In the early 2000s many Internet users bonded over their common aversion to pictures that showed clustered arrays of small holes, such as a beehive or even the popped bubbles on the uncooked top of a pancake. For almost a decade “trypophobia,” literally “fear of holes,” was nothing more than an Internet phenomenon, but finally researchers have found evidence of its validity and investigated its possible cause.
The story begins with the growth of online image sharing; soon many people realized they shared a revulsion that could reach the level of nausea to photographs of clusters of holes. The term “trypophobia” appears to have been coined by an unidentified Irish woman in a post on a Web forum in 2005. The idea went viral: self-identified trypophobics formed a Facebook group, created an eponymous Internet domain and posted informational YouTube videos. A Wikipedia article was repeatedly created and repeatedly deleted for lack of reliable sources.
Four years ago two psychologists at the University of Essex in England, Geoff Cole and Arnold Wilkins, decided to research the phenomenon. They showed a picture of a lotus seed head—anecdotally a potent trigger of the phobia—to 286 adults aged 18 to 55 years old. Eleven percent of men and 18 percent of women described the seed head as “uncomfortable or even repulsive to look at,” indicating a level of revulsion on par with phobia.
Cole and Wilkins theorized that the visual structure of the image causes at least part of the unease. They analyzed a set of aversion-inducing photographs and images of holes that did not trigger trypophobia and found that most of the disagreeable pictures shared an underlying mathematical structure that incorporates small, high-contrast features such as dots or stripes. This spectral pattern is seen in the skin coloration of many species of dangerous or poisonous animals; past studies have found that most people find this pattern uncomfortable to look at. Indeed, a variety of images taken from the Web site trypophobia.com produced discomfort in a group of 20 people who did not have the full-blown phobia.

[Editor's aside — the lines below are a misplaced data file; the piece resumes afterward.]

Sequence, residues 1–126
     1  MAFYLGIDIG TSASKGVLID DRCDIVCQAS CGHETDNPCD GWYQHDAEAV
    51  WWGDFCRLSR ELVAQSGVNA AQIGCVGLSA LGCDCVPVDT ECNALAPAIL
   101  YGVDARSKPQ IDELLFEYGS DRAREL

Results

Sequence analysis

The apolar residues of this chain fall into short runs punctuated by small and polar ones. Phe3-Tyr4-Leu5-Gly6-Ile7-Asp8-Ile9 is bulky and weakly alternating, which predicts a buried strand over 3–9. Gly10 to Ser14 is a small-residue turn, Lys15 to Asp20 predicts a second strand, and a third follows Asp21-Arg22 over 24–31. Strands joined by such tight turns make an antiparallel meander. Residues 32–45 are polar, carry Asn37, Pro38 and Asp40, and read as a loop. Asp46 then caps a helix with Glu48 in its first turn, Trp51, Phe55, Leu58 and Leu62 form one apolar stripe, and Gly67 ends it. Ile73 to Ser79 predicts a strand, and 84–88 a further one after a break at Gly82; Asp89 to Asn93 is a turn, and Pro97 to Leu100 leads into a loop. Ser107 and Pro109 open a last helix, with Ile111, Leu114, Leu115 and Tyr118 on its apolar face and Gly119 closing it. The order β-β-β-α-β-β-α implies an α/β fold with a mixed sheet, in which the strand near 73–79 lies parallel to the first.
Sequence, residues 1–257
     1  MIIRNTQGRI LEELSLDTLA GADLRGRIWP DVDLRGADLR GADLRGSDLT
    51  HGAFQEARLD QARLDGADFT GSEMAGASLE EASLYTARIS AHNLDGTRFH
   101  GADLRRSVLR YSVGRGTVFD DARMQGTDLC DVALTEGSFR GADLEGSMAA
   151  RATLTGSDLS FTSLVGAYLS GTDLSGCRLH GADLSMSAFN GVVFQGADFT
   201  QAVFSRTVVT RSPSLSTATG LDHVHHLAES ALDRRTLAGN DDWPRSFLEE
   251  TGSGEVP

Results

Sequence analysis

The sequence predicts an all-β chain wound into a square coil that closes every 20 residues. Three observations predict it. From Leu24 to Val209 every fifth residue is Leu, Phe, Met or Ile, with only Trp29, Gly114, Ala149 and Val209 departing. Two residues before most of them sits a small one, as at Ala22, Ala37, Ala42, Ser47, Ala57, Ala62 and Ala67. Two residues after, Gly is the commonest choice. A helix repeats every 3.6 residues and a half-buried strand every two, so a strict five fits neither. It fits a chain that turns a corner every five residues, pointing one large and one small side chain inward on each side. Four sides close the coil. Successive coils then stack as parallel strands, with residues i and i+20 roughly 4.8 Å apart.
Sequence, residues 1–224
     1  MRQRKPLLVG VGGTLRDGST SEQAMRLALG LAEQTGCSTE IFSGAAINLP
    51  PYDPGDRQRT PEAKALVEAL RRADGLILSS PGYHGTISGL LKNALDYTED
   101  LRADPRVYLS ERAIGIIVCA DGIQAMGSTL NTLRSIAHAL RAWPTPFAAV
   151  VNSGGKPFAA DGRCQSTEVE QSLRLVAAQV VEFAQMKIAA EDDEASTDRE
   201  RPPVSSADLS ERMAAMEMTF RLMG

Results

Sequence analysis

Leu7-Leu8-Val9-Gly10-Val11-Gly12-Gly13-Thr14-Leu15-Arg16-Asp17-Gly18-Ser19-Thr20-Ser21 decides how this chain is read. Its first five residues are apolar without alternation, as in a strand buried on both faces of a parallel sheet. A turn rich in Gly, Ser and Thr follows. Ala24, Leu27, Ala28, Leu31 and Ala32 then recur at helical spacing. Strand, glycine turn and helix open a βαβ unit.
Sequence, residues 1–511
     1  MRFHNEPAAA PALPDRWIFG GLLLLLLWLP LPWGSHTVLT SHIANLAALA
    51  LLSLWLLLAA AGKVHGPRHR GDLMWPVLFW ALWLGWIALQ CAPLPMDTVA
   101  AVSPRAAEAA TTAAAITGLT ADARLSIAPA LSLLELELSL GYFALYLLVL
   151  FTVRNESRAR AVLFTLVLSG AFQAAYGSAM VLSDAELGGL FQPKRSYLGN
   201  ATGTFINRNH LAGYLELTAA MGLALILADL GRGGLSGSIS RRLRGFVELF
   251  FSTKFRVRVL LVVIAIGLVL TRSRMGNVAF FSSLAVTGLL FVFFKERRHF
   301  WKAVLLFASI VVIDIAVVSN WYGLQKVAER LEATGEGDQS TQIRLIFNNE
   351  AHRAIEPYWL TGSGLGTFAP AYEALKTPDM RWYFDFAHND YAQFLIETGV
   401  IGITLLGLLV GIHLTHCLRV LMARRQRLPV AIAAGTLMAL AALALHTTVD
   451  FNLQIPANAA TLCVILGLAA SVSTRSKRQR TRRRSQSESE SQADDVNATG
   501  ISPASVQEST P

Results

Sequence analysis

These spatial characteristics explain at least some of the discomfort caused by pictures of small holes, but Wilkins acknowledges that something more is needed to explain the intensity of revulsion in sensitive people. The crucial factor might be an association with skin lesions such as scars or sores—those with trypophobia often say that the sight of clustered holes makes their skin crawl, and pictures of holes in skin are particularly potent. The emerging story, then, is that “fear of holes” may be a form of the universal aversion to scars and sores—an evolved trait that may have helped our ancestors avoid germs and disease—extended to objects such as lotus seed pods and honeycombs.